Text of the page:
“You were warned,” the creature replied.

“Warned how?” 

“A messenger was dispatched. You tried to slay it.” Unexpectedly, a supple limb, like the tentacle of an octopus but seemingly covered in seashells, slid out of the robe and pointed to a dark, blood-stained spot on the deck.

“What, that weird bird?” the captain asked, almost incredulously. “It gave no warning – just let out a bunch of caterwauling that grated on everyone’s nerves.”

The creature seemed to take offense. “There are more tongues in this world than solely that of men. It is only your arrogance that makes you think otherwise. Now it shall be your undoing.” 

The captain’s eyes widened in alarm. “What do you mean?”

“You have encroached where your presence is proscribed, cast your nets where it is forbidden, and willfully attacked a consecrated servant. Each of these alone violates a sacrosanct tenet of the Each-uisge. Combined, your transgressions constitute intolerable heresy – a stain that must be wiped away. Your ship – your very lives – are forfeit.”

“What?!” the captain screeched. 

“Thus I pass sentence,” said the creature, acting as if the captain hadn’t spoken. “Now I execute judgment.” 

The air, already pregnant with supernatural power, somehow became even more gravid as three elongated tentacles, each brandishing a flaming sword, suddenly burst from the creature’s robe. And then it went on the attack.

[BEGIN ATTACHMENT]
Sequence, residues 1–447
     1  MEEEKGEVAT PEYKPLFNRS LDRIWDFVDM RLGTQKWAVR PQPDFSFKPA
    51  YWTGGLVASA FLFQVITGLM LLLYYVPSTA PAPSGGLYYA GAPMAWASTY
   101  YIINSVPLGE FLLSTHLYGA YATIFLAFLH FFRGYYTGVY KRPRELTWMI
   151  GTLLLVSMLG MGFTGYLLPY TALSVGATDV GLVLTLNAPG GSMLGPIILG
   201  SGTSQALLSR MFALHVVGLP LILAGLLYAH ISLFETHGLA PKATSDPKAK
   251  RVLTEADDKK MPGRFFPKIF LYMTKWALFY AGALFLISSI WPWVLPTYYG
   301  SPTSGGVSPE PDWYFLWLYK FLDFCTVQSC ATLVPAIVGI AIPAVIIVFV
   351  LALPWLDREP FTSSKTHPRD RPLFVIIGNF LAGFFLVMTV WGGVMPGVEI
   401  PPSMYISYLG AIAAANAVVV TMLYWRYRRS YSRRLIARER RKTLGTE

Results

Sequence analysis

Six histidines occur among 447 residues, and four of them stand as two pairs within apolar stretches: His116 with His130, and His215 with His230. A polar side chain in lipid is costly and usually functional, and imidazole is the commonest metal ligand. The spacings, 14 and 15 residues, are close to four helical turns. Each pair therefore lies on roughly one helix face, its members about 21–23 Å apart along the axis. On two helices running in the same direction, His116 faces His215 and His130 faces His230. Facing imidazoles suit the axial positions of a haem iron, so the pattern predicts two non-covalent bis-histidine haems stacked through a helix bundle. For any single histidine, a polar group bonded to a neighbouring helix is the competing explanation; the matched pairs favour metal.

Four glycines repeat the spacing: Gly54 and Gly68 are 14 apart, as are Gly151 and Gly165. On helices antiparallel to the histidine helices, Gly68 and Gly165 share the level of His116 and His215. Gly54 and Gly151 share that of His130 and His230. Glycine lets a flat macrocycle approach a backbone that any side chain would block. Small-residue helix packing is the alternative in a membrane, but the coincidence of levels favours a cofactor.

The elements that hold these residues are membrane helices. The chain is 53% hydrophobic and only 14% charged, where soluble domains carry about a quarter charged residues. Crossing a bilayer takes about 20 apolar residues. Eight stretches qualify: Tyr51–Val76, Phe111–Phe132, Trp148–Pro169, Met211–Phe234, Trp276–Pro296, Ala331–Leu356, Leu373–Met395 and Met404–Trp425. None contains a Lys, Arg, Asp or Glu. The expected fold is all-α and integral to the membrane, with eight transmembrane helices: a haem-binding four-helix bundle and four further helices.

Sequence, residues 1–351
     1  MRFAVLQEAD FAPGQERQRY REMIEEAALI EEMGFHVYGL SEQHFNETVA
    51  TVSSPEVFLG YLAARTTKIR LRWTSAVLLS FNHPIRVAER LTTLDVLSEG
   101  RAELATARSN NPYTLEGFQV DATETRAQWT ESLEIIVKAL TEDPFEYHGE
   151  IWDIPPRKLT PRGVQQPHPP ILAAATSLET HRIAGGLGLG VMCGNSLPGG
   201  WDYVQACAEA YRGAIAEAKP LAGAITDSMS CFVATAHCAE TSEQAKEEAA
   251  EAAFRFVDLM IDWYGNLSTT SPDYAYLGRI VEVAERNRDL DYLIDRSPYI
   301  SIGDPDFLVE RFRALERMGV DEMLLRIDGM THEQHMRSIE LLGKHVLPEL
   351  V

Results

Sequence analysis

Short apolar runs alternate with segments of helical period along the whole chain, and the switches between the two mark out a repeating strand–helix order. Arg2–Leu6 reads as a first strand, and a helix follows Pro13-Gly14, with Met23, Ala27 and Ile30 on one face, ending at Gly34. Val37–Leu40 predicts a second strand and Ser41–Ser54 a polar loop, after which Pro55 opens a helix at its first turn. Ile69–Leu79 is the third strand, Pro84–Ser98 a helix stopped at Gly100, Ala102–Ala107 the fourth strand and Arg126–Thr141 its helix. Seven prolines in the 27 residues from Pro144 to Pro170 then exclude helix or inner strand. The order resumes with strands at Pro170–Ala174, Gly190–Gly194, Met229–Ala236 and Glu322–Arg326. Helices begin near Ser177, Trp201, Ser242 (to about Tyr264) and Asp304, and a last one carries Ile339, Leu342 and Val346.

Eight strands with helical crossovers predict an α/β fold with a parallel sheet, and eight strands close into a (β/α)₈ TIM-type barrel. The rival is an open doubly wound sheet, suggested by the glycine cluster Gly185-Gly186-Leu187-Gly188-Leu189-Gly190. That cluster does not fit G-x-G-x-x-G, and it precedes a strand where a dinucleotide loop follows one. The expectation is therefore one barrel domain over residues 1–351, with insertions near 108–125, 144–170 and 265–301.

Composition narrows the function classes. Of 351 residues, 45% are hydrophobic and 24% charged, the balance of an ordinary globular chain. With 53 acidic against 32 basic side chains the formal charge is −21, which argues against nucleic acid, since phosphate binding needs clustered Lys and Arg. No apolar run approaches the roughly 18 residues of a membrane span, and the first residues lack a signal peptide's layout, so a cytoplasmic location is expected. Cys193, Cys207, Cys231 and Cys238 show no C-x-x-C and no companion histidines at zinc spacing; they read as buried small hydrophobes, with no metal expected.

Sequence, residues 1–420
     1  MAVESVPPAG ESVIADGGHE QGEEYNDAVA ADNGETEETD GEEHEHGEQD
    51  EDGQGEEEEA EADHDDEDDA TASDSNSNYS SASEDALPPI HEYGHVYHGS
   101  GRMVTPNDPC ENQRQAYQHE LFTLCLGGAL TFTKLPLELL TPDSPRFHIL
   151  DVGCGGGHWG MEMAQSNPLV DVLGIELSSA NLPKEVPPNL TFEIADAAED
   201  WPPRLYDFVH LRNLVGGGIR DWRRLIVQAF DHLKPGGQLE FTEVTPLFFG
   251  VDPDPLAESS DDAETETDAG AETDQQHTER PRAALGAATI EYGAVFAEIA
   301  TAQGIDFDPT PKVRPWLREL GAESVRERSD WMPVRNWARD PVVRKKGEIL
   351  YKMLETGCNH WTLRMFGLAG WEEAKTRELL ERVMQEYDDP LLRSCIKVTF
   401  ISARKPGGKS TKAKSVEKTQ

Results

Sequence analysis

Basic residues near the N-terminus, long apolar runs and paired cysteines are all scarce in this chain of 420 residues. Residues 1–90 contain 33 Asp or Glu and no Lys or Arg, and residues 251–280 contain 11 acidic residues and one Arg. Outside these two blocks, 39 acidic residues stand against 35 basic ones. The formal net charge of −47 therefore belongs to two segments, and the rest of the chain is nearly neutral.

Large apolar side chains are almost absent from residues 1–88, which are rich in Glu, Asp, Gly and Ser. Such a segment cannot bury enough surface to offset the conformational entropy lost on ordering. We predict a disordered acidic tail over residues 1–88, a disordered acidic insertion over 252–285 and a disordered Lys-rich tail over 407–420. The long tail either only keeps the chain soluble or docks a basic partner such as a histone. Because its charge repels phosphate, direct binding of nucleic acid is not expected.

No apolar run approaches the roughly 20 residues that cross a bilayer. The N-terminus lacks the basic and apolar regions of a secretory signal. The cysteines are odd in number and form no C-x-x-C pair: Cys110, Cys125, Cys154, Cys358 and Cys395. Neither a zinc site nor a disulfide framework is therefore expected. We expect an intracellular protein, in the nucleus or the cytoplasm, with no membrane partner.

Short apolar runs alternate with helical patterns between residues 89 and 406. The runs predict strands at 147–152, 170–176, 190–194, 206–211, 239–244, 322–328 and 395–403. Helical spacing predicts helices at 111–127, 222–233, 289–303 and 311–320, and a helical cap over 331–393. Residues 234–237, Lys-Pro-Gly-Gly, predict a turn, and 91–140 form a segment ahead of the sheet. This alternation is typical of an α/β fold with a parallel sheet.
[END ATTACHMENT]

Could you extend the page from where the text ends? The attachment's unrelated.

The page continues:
Thursday, May 4, 2017

New Audiobook Release: Extraction

In keeping with my commitment to make audio versions of all my work, the audiobook of Extraction has just been released.

With this, all of the current Kid Sensation stories have now been released in audio.  (I'm not counting Amped or Mouse's Tale, although the audio versions of those are coming.)

The plan had been to produce one new audiobook per month until I got caught up.  I haven't quite kept pace with that schedule, but I like to think I'm continuing to release audiobooks at a steady tempo.

Needless to say, I'm going to have to crank out books faster or the number of audiobooks will catch up to the number of ebooks even faster than I anticipated. So with that in mind, it's back to the grindstone.

***If you are interested in receiving information about my audiobooks - including new releases and free copies - please subscribe to my Audibook Newsletter.  (And if you do not have an Audible account, you can get a 30-day free trial and a copy of the Extraction audiobook by signing up here.)

Sunday, April 30, 2017

Update on Kid Sensation #6, et al

It's been a while since I've posted anything noteworthy about my writing, so I figured now's a good time for an update.

As with so much in life, there's good news and bad news.  The good news is that I'm pretty close to being done with the next book, which is the second Fringe Worlds novel.  After that, I'll probably go to the next Warden book and then Kid Sensation #6 (working title: Replication).  Believe it or not, I've actually got the bulk of the story for those two already worked out in my head.  The problem (and this is the bad news), is that I've been having difficulty finding time to write.

Oddly enough (and I may have mentioned this before), I'm actually a pretty fast writer.  If I ever reach a point where I'm doing this full time, I'll probably be cranking out a book every month. At present, however, without even taking the day job into consideration, the other aspects of the writing business are taking up gobs of time.